The next day was much the same as before although, of all the days to suffer with a hangover, it was the day we had to leave our hotel room. So my usual 2 o’clock wake from my alcohol coma had to be cancelled and I then went and died in a cafe instead.
Now we can return to familiar post territory as I come back to food. Chloe and I were treated by one of the managers to a meal that night. It’s no secret to anyone who knows me that I’m not the biggest fan of seafood but I am slowly coming round. It’s lucky that I am or else I may not be here to write this post. We stopped at a sashimi restaurant and, over the next hour or so, gorged on more raw tuna, prawns, wasabi, tuna head(!) and side dishes than you could imagine getting for how cheap it was. If you haven’t tried sushi or sashimi and you are similar to me (in that you’re not really big on the whole seafood thing), I really recommend going to a good sushi restaurant and trying it. Chloe dragged me to one in Winchester, back home and it was one of the nicest meals I’d ever had. If it’s good sushi, it won’t have the trademark fishy taste that you find in cheaper stuff and, if so, it’s deliciously succulent and to be honest just great. Below is the banquet we had on Sunday and below that is a photo of the sashimi I had in Winchester!
But it doesn’t stop there! As we still had an hour until our train back to Seoul, we went and stopped in a cafe and had a traditional Korean dessert called a Bingsu (빙수). It’s better described by the photo but the basic gist of it is crushed ice, with ice cream and some sort of bean paste on top. The beans are a great choice. I would never have thought of adding them but they add a delicious savouriness to what would be a fairly standard ice cream dish.
I had one before, when I came here last year, in Jeju Island (absolutely incredible place if you get the chance to visit) which was green tea flavour and that was great as well.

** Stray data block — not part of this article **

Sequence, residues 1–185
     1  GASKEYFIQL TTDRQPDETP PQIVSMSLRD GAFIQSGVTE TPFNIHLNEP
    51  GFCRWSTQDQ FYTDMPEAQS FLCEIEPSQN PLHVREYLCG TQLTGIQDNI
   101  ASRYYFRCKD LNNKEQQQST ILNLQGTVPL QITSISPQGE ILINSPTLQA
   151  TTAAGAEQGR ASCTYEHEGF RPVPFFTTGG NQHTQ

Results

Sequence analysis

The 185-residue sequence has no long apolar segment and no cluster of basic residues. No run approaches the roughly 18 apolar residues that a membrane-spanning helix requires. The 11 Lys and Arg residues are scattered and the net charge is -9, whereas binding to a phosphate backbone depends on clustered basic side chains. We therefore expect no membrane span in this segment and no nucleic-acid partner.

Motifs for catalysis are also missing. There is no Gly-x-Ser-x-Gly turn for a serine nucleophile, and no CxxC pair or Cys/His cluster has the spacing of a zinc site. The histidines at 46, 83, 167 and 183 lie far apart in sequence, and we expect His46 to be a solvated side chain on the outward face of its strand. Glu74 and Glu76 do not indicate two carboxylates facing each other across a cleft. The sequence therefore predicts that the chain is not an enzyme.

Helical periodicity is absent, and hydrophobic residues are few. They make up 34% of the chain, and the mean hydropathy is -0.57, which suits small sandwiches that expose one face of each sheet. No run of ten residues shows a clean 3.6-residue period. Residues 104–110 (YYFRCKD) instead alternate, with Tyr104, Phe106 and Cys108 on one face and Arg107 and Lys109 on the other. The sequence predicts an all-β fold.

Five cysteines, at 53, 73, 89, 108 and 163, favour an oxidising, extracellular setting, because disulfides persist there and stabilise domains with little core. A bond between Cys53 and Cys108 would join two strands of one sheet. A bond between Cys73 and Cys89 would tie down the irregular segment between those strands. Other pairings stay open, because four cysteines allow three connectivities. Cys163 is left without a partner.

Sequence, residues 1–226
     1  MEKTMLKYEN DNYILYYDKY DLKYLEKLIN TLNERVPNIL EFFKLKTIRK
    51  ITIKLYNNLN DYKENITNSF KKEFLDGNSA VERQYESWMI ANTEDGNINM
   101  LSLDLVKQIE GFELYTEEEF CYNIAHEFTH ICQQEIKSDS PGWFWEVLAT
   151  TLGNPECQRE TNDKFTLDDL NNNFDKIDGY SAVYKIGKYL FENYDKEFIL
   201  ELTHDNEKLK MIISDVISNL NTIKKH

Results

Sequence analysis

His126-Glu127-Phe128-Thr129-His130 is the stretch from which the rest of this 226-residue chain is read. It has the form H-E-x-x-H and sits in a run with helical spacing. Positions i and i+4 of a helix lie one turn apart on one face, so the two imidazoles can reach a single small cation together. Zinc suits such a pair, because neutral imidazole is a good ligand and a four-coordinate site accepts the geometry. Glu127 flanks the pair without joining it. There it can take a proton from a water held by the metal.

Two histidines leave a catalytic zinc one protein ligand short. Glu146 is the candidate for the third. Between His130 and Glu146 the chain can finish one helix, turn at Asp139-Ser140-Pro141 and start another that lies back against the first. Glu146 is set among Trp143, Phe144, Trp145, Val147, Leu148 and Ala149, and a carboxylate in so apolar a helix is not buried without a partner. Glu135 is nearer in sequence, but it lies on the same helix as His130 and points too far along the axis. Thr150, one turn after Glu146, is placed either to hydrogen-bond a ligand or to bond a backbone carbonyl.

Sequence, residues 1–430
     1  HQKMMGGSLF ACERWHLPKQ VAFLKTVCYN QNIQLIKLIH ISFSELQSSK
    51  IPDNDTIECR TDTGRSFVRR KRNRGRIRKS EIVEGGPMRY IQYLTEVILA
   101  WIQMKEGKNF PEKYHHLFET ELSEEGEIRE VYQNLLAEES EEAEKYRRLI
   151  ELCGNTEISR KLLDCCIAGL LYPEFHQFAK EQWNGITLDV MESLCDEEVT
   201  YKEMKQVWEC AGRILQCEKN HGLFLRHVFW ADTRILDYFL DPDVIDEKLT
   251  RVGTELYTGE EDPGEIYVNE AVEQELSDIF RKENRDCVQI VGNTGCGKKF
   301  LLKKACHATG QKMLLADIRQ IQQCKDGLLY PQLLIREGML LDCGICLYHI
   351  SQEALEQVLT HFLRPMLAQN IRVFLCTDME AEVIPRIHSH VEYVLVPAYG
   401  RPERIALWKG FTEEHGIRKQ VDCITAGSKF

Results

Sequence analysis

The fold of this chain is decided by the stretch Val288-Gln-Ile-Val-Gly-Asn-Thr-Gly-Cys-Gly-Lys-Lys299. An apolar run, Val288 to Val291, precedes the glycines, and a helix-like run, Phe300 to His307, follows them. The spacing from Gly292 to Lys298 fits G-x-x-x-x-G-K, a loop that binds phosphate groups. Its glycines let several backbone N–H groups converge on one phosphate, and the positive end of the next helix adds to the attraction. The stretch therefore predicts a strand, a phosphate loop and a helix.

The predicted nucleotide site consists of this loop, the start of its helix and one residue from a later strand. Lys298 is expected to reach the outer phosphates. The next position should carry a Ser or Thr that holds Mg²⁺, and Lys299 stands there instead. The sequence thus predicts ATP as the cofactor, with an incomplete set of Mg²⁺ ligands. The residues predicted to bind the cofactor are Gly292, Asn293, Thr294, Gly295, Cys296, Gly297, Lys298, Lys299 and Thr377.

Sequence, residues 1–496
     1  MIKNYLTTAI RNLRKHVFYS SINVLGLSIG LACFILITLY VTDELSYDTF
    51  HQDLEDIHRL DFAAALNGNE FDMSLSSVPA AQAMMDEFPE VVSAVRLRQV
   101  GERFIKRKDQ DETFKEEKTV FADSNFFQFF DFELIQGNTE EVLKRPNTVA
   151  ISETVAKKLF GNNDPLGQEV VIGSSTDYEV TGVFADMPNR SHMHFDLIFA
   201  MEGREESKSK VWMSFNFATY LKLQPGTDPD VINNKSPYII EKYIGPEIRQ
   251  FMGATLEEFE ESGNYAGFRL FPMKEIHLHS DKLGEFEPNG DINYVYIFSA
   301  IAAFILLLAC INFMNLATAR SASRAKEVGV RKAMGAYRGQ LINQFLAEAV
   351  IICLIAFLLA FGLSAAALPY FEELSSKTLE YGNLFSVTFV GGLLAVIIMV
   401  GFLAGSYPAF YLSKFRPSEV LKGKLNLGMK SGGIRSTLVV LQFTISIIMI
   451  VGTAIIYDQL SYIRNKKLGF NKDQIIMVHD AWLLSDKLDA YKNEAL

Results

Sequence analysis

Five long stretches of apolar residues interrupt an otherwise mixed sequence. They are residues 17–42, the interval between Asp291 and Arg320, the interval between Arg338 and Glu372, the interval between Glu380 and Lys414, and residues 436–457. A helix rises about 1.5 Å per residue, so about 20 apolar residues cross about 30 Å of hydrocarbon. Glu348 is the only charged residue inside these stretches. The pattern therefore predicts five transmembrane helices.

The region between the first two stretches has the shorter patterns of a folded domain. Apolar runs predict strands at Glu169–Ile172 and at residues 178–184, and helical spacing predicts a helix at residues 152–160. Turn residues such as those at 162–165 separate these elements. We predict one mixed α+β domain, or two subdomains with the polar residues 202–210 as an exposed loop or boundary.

Back in Seoul for the next day we went to a little place called Bauhaus which is a dog cafe. I have to confess we actually visited a cat cafe the week before and I didn’t write about it here or even take many photos so to make up for that I will post one that I did take below!
But anyway, Bauhaus. It was a medium size room with about 15 dogs in it, ranging from Poodles, Bichon Frises and Chihuahuas to Golden Retrievers and I believe one was a Malamute (whatever he was, he was a beautiful beast – in the absolute best sense). It was great fun. I’d done some research about these cafes online to find one that looked like the animals were treated well and Bauhaus seemed quite good and it was also the highest rated online. I spent far too long cuddling with what I think was a little Miniature Schnauzer who jumped up next to me and rested his head on my leg. See below.
And that brings us pretty much up to date! I hope you’re enjoying reading these posts; I’m certainly enjoying writing them and reliving everything I’m doing. If anyone has any questions about anything that I haven’t mentioned here about Korea, feel free to comment below or contact me some other way! I’d love to talk to you about it!